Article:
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with such men as Leslie, Chalon, G. S. Newton, Webster, and others of that ilk. P. A. L.
PATRONS OF SCOTCH PARISHES (4th S. i. 172, 328.)-if your correspondent will turn to Dr. Scott's Fasti Ecclesiæ Scoticanæ (part i. p. 134), he will find that in 1737 the Earl of Ruglen was patron of Cramond. The Synod of Perth and Stirling is not yet published, so that I cannot give the name of the patron of Kincardine-inMenteith. T. G.
RHYMING LATIN INSCRIPTIONS (4th S. ii. 276.)— In a rather large collection of rubbings of brasses and stones, I have several curious jingling inscriptions, both in Latin and English; but none that would assist in supplying the words wanting in the Bodmin legend. I think, however, that it was intended to be read thus:
"Hic qui tumulatur
Thomas Le Moyle sic vocabatur Migrans a seculo
Petivit a celo
Ut hic vermibus spectatus Sit celo levatus."
F. C. H. SQUEEZING WATCH (4th S. ii. 276.)-I have no doubt that, by a "squeezing watch," was meant a repeater; and that it was so called from the action of pushing, or squeezing in, the side of the watch in order to make it strike. For the first repeaters, which were made towards the end of the reign of James II., were made to strike by pushing in a piece on one or both sides, which might well have been termed squeezing. F. C. H.
The "squeezing watch," concerning which your correspondent makes inquiry, would seem to be no other than the repeater, i. e. the kind of watch which may be made to strike whenever required by the compression of a spring. By "squeezing watch" understand a watch made to be squeezed or compressed. Pope, near the beginning of the Rape of the Lock, though not in his first edition,
has "Thrice rung the bell, the slipper knock'd the ground, And the press'd watch return'd a silver sound." SCHIN.
PEERS' CHRISTIAN NAMES (4th S. ii. 252.) The late Lord Bayning and the late Lord Rivers always signed their franks with their Christian names prefixed, as "Wm. Powlett Bayning," "G. Pitt Rivers." E. WALFORD.
TINDER BOXES (4th S. ii. 226.)—The earliest mention of the tinder-box is probably where Shakespeare says
"Strike on the tinder, ho!
but it was certainly used long before this. The
word tind is, of course, derived from the Saxon tyndan, to kindle-employed by Wycliff, Milton, and Dryden. Sanderson in his sermons, 1689, says: "As one candle tindeth a thousand." Southey, in his Common-Place Book (third series, p. 49), has:
'Featley, Clavis Mystica, 1636, p. 143.-Lights hanging in churches and noblemen's halls, let down to be tinded, i. e. lighted: a pure Saxon word, still used by the common people in the midland and northern counties, and not obsolete, as implied by some lexicographers."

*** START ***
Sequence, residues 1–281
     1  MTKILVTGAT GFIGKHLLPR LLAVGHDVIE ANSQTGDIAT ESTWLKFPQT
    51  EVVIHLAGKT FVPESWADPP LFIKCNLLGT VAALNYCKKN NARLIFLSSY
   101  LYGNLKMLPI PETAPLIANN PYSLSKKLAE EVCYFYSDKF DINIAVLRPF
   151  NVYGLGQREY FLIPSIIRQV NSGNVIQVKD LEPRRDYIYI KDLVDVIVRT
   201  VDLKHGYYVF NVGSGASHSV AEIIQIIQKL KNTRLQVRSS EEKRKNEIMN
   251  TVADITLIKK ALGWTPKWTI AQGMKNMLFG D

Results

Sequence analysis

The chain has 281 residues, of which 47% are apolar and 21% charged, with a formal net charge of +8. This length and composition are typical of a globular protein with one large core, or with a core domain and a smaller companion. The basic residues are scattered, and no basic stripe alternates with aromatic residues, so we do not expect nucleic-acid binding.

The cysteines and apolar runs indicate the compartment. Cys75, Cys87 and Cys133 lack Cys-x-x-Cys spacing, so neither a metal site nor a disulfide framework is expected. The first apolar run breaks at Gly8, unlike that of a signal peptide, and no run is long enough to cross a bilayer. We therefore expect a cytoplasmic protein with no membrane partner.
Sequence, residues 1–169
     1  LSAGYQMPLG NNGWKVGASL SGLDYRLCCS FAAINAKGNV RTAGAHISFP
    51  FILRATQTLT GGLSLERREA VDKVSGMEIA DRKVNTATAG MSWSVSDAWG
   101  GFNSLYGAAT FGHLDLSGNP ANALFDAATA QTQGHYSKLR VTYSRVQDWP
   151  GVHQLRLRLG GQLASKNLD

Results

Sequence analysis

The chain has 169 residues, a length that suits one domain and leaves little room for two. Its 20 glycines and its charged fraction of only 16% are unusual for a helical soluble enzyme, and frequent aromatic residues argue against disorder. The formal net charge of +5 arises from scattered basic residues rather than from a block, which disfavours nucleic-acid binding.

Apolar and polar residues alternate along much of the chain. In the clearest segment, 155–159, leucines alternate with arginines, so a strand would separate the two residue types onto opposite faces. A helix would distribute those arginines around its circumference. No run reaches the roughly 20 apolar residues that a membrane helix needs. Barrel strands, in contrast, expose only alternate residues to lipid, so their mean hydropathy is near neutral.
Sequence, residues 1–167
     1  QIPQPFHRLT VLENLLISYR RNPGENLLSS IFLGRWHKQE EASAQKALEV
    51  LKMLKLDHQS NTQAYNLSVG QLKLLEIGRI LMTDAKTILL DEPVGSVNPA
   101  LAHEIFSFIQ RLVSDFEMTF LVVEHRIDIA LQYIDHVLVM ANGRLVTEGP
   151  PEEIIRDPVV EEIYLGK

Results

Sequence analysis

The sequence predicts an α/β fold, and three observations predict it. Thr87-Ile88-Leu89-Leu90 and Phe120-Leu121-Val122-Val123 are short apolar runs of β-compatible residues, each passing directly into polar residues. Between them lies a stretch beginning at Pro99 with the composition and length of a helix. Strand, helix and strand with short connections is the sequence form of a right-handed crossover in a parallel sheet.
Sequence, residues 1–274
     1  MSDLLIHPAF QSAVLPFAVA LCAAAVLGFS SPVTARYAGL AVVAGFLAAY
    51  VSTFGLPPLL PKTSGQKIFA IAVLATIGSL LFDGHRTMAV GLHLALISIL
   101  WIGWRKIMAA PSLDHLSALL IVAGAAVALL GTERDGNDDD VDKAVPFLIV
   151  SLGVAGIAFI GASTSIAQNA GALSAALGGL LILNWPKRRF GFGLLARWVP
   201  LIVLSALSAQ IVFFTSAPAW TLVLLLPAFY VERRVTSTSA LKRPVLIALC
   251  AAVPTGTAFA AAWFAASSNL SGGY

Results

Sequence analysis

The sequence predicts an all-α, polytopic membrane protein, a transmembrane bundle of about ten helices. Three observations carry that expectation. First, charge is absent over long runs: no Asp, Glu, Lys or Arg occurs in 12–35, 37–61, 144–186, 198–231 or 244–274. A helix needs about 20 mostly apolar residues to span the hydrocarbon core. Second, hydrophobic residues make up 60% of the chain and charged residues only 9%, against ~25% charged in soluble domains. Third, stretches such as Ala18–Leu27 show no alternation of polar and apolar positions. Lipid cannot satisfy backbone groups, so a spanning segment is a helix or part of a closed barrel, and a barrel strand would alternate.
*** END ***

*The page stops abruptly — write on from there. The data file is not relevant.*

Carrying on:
Tine is used in Somerset and Wiltshire; tin, tine, tend, or tind, in Cheshire; teen in Devonshire; tind in Derbyshire; and in the latter county tindle is the term used for a fire made by the children on All Souls' night.
I should advise your correspondent A. K. G. to read a paper (illustrated) by Mr. Holland in The Reliquary, Oct. 1866 (vii. 65).
JOHN PIGGOT, JUN., F.S.A. "THE FARMER AND THE KING" (4th S. ii. 152, 206.)—The study of our old English ballad lore is not a very difficult pursuit, nor one requiring any great amount of acumen, and yet I am often surprised at the mistakes made by writers who venture on the subject. Take an instance of this in the notes gravely furnished by your correspondents as illustrating "Bishop Percy's Manuscript"! Now the song of "The Farmer and the King" is utterly worthless in this point of view, the old ballad) by Tom Hudson, the comic-song as it was written (avowedly upon the subject of writer of fifty years back; the tune being adapted to it by John Blewitt, the well-known composer of scores of such things. It was a great favourite with little Knight, the comedian, who frequently sung it on the stage in character. Becoming very popular, it was multiplied in penny song-books and halfpenny broadsides, and sung by strolling actors all over the country. Hence it is easy to account for its wide-spread fame and local popularity. I remember, when a boy, visiting old Tom Hudson, who (about 1825) kept a little shop for the sale of his songs in the neighbourhood of Bloomsbury market; and from him I received a copy, with many others, of "There was an old chap in the west countrie." It is amusing to find your correspondents giving "various readings" of this modern antique, as if it were a veritable relic of the olden time! EDWARD F. RIMBAULT.
NOTES ON BOOKS, ETC.
The Percy Anecdotes. Collected and edited by Reuben and Sholto Percy. With a Preface by John Timbs, F.S.A. Chandos Library Edition. Vol. I. (Warne.) When the editors of these very popular series of anecdotes undertook their compilation, they resolved "to combine instruction with amusement with a scrupulous regard to truth, to probability, and to morals"; and the
result showed they had acted wisely in so doing, for few works of the kind have attained greater or better deserved popularity. Mr. Warne has determined that a new edition of them shall form a portion of his Chandos Library, and the first volume (the second we are informed will be ready in about a fortnight) is now before us, and contains, in a neatly printed form, the first twenty Parts of the original edition.